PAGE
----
Qualitatively, IPI uses three categories of indicators to determine the impact of its work. Research and Program Indicators provide evidence that policy analysis and recommendations by IPI have been useful in informing the work of the UN and its member states. Such evidence includes references to IPI's research, implementation of policy recommendations, and feedback regarding the quality of research.

Outreach indicators track the ability to reach and impact increasingly broad and diverse audiences through the dissemination of IPI's research, policy analysis, and meeting outcomes. Such evidence includes citations of IPI's research in scholarly journals, books, newspapers, and magazines, cross-postings of publications, and appearances by IPI staff on television and radio programs.

Demand indicators collate requests by the United Nations and member states for IPI to (1) partner on projects and initiatives that support the priority issues on their agendas, and (2) convene meetings to facilitate political consensus. For example, in 2015 the Executive Office of the Secretary-General asked for IPI's assistance with conducting research on the UN Mission for Ebola Emergency Response (UNMEER), and the Peacebuilding Support Office asked IPI to assist with the work of the 2015 advisory group on the UN Peacebuilding architecture.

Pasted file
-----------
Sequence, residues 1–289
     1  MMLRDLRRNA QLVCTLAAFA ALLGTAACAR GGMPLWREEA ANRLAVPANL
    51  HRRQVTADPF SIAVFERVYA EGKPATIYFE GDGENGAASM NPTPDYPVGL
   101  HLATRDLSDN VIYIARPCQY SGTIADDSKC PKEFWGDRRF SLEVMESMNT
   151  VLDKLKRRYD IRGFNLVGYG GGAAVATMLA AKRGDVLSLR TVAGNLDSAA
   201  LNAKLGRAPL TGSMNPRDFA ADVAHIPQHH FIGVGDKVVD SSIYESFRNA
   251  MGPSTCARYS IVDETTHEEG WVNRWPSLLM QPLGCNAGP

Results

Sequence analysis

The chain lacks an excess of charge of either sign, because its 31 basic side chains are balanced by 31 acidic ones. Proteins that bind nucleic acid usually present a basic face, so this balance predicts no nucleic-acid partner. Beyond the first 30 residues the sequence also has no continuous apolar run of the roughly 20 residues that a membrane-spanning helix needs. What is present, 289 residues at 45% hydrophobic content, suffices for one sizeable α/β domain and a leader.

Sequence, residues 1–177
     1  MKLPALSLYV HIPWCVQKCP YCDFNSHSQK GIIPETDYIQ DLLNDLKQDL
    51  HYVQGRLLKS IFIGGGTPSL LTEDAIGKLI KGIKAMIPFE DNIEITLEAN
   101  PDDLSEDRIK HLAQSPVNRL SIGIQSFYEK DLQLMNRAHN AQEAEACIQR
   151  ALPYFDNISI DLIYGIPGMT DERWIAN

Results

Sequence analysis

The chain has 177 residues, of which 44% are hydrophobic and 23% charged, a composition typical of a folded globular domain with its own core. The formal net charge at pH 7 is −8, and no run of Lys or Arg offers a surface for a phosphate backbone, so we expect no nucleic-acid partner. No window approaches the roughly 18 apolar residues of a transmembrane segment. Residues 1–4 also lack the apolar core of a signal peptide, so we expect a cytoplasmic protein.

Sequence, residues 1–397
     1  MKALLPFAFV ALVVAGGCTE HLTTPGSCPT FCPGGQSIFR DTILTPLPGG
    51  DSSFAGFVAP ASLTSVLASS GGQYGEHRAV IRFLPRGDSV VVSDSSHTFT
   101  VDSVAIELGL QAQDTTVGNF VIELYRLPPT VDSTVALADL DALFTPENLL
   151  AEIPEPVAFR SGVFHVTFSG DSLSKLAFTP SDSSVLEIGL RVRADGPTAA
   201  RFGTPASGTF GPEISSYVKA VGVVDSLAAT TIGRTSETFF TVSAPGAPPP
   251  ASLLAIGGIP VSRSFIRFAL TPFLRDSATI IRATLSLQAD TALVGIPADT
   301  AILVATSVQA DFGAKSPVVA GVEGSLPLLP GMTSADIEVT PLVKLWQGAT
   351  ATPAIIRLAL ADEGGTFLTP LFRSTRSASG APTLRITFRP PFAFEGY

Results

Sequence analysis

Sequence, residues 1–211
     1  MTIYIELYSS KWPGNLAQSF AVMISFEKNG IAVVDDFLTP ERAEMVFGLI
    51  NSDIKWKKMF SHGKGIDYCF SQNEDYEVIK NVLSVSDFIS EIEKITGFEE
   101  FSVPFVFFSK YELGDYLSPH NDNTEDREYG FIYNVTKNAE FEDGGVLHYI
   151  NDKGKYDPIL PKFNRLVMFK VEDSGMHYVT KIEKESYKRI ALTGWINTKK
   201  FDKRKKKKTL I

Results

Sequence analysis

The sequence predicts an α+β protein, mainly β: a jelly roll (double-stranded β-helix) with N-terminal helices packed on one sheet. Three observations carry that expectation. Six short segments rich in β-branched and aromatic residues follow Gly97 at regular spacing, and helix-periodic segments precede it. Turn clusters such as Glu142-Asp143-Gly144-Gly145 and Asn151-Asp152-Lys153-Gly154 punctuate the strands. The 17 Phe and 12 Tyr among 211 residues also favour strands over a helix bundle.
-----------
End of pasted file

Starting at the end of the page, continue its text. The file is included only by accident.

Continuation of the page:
Over the past few years, the multilateral system underwent an extraordinary process of review and reflection, and achieved several historic successes. In 2015 these included the 2030 Agenda for Sustainable Development and the Paris Agreement on climate change. More recently, in April 2016, the UN Security Council and General Assembly adopted identical resolutions on a new vision for UN peacebuilding. The resolutions define a new agenda for prevention around the concept of “sustaining peace." These successes formed the basis for opportunities to advance the cause of peace and sustainable development, and IPI's activities reflect a deep engagement with this endeavor and with the broad search for multilateral solutions to transnational problems.

Under these new multilateral frameworks, the theme of prevention has become central. The need to focus on the long-term prevention of crises rather than merely short-term responses also emerged as a common theme of the Independent Commission on Multilateralism (ICM), a project of IPI that presented its final report in September 2016 and continued with follow-up activities.